1. Batshitbox Avatar

      That’ll be a Scout 80 and thus only came with the 152 cu. in. 4 cylinder engine. When I had Scout 80s the Holley 1904 carburetor could be tricky to rebuild, I’m not sure if there’s more availability these days. (Look to see if it has the nifty glass float bowl, though!) I think people were slapping Weber carbs on the 152s and 196s.
      I could never get my clutch hydraulics to work right until I filled the system with Girling fluid.
      Is it a 4WD or a 2WD?
      The T-13 (2WD) or T-14 (4WD) transmissions (a.k.a. Borg-Warner T-90 but with all the helical gears cut the other way) were fond of slipping out of second gear, and the speedo drive on the 2WD version is unobtanium.
      A 2WD with 4-lug hubs will need a whole new setup. The brakes on that variety sucked and were abandoned by IH early on, and the rear differential went out of production pretty quickly, too.
      Left-hand threads on the left side lugs.
      Pertronix makes an upgraded ignition system for those.

      1. mdharrell Avatar

        Significant design shortcomings and unavailable parts. So far I like what I’m hearing…

        1. Batshitbox Avatar

          Only in the early production 2WD versions, though! The 1964 might be considerably less interesting to own, especially if it’s a 4WD. Those just start up and drive around and steer and stop and start and shine all the lights on command. Bo-Ring!

          The Scout 80 will have a fold-down windshield, which may never fold back up again.
          If you’re really lucky, that windshield will have vacuum powered wipers on it, which sound like Darth Vader and only work when you downshift.
          At this point it’s advisable to bungee the doors shut just on speculation.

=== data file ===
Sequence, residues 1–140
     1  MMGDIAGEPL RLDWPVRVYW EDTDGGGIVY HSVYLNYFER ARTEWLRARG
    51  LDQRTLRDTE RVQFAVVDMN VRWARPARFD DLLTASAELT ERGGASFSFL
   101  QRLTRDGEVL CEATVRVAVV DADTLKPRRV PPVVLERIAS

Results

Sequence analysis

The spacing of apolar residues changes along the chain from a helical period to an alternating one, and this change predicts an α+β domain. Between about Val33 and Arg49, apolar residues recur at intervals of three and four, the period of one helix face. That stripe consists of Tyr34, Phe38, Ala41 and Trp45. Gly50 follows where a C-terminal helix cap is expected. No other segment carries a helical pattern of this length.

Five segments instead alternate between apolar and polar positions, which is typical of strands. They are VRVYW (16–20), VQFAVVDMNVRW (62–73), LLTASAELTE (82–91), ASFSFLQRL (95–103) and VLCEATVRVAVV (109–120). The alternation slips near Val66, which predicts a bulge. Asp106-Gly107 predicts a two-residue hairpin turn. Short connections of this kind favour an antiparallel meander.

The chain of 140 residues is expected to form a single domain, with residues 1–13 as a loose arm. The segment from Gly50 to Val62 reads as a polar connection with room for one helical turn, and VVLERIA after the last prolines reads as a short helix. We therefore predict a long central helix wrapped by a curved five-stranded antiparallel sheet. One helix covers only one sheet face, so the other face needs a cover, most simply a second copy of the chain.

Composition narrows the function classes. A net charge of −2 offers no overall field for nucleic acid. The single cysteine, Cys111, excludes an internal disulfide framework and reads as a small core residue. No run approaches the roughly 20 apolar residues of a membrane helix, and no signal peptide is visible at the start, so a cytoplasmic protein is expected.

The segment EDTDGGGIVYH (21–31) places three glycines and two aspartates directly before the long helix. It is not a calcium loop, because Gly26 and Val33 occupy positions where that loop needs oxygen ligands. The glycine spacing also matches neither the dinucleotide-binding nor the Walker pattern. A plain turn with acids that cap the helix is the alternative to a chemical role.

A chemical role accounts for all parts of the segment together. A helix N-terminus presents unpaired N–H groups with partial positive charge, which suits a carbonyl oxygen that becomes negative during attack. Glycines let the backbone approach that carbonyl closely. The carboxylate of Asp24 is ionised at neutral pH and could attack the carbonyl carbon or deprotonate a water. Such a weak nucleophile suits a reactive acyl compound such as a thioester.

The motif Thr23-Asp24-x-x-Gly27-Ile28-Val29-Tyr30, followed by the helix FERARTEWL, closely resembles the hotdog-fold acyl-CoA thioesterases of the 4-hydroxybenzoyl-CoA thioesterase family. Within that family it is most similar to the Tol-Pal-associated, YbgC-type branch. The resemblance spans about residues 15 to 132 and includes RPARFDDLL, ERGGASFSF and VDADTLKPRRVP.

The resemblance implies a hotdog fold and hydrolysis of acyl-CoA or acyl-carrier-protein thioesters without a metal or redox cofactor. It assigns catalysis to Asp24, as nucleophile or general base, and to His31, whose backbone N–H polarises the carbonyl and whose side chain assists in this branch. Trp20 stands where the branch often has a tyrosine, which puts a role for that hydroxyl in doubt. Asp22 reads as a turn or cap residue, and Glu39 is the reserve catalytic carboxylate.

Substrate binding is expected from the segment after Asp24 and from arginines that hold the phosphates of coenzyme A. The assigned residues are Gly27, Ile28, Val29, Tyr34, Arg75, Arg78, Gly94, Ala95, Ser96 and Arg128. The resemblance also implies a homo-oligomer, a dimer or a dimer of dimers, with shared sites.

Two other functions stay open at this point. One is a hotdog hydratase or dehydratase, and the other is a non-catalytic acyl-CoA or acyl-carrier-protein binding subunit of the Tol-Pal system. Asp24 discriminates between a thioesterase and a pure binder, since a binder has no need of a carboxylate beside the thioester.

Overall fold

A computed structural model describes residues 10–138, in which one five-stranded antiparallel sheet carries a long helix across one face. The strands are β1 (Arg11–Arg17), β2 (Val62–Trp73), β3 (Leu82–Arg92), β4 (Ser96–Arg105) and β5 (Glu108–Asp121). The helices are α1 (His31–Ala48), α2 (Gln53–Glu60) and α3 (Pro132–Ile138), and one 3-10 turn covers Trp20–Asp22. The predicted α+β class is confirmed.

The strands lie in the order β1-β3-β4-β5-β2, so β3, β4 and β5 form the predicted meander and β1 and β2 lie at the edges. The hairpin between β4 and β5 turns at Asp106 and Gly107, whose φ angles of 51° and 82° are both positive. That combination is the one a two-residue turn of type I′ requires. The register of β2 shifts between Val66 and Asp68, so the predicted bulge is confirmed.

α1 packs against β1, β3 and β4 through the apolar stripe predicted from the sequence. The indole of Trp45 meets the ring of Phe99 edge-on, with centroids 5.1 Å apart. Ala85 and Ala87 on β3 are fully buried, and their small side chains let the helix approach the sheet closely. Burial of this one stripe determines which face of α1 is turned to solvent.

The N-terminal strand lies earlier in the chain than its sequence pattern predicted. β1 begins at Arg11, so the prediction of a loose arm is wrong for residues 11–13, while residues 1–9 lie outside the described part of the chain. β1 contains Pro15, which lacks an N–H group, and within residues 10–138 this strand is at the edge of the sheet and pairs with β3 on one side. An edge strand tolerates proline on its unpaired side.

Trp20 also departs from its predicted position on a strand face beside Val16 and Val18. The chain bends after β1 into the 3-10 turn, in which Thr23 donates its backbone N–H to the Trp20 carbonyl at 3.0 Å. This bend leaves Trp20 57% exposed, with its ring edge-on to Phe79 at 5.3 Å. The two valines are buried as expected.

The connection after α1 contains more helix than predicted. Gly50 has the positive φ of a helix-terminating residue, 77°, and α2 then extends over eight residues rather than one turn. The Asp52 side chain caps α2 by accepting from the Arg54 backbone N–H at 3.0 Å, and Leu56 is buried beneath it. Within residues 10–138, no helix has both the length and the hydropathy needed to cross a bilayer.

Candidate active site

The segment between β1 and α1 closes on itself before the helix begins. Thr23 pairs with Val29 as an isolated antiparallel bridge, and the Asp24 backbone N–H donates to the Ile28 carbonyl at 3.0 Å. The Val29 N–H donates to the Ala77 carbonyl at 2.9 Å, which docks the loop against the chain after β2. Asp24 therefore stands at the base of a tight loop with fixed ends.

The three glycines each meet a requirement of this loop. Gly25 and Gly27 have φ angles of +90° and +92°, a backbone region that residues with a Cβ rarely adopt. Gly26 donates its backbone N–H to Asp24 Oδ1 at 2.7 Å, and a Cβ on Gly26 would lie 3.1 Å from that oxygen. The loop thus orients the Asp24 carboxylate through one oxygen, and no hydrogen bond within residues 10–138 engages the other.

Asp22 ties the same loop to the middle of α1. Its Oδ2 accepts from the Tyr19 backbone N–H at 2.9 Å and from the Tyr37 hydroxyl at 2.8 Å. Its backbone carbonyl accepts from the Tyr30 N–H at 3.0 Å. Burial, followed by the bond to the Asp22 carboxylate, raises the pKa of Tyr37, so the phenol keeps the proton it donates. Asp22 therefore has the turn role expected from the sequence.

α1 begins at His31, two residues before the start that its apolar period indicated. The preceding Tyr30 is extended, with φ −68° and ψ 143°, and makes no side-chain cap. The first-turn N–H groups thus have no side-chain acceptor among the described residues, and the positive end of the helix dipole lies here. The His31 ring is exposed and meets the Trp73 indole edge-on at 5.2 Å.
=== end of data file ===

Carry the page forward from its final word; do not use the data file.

A short cab top is a valuable object, and should be sold for funds to buy other parts.
          Sliding glass windows are the best. After you fold down the windshield and can’t get it back up all the way, and thus have no need or option to put the top back on again and have sold it, removing the sliding glass windows is a hell of a lot easier.
          All the bolts should be fine-series thread, unless they’ve stripped and someone has rammed a coarse series tap through there, as the engineers intended.
          There’s no fuse box. All the fuses are in-line, and sometimes piggy-backed on the switches. Good news is there should be less than 20 wires in the whole truck.

          I will, of course, defer to anything Scoutdude has to say.

        2. Scoutdude Avatar

          Well I’m a Scout II person and have no first hand experience with the 80/800’s so I don’t have much to add to what Batshitbox said.

          Yes there are people who run the Weber carb on the IH 4cyls and there are adapters out there.

          Of course you need it.

        3. Vairship Avatar

          Just remember: unlike a Zap Xebra, IH 80s go in the recycling bin, not the trash can.

        4. Lokki Avatar

          If you listen, you can hear the rust too… the rot heard round the world… or if you prefer, heard “Internationally”. Seriously, as much as I loved the concept of a brutally-basic farm-grade 4WD American Land Rover I could never understand how a company that built farm equipment could build something as susceptible to the tin worm as a Scout.

          Edit: But don’t let me discourage you….

  4. crank_case Avatar

    Golf R pricing in Irelands rumoured to be €62k before options, which is mental. Cars here are stupid expensive thanks to punitive CO2 taxes, but for context the last gen was between 45-54k at various points in its life, so do’t be surprised if you see a price jump.

    1. Sjalabais Avatar

      For now, we only have pricing on the Golf GTI, and it is “only” 45k€. Still wacky times in the currency market, but how on earth do you guys reach those stratospheric price levels…? Feeling with you.

      1. crank_case Avatar

        Small market, taxes that don’t scale up in a linear fashion.

  5. danleym Avatar

    The engine for the Spirit is off to the builder!

    Im gonna stick with the AMC 258, planning on high compression (for this engine, at least), overbored, lumpy cam, ported 4.0 head. I’m real excited- never had an engine built before. When I first started down this road I was planning on building most of the engine myself, but as I’ve spent a ton of time on other parts of the build, and I have a ton of time left to spend, I’ve decided to just let the builder do the assembly, too.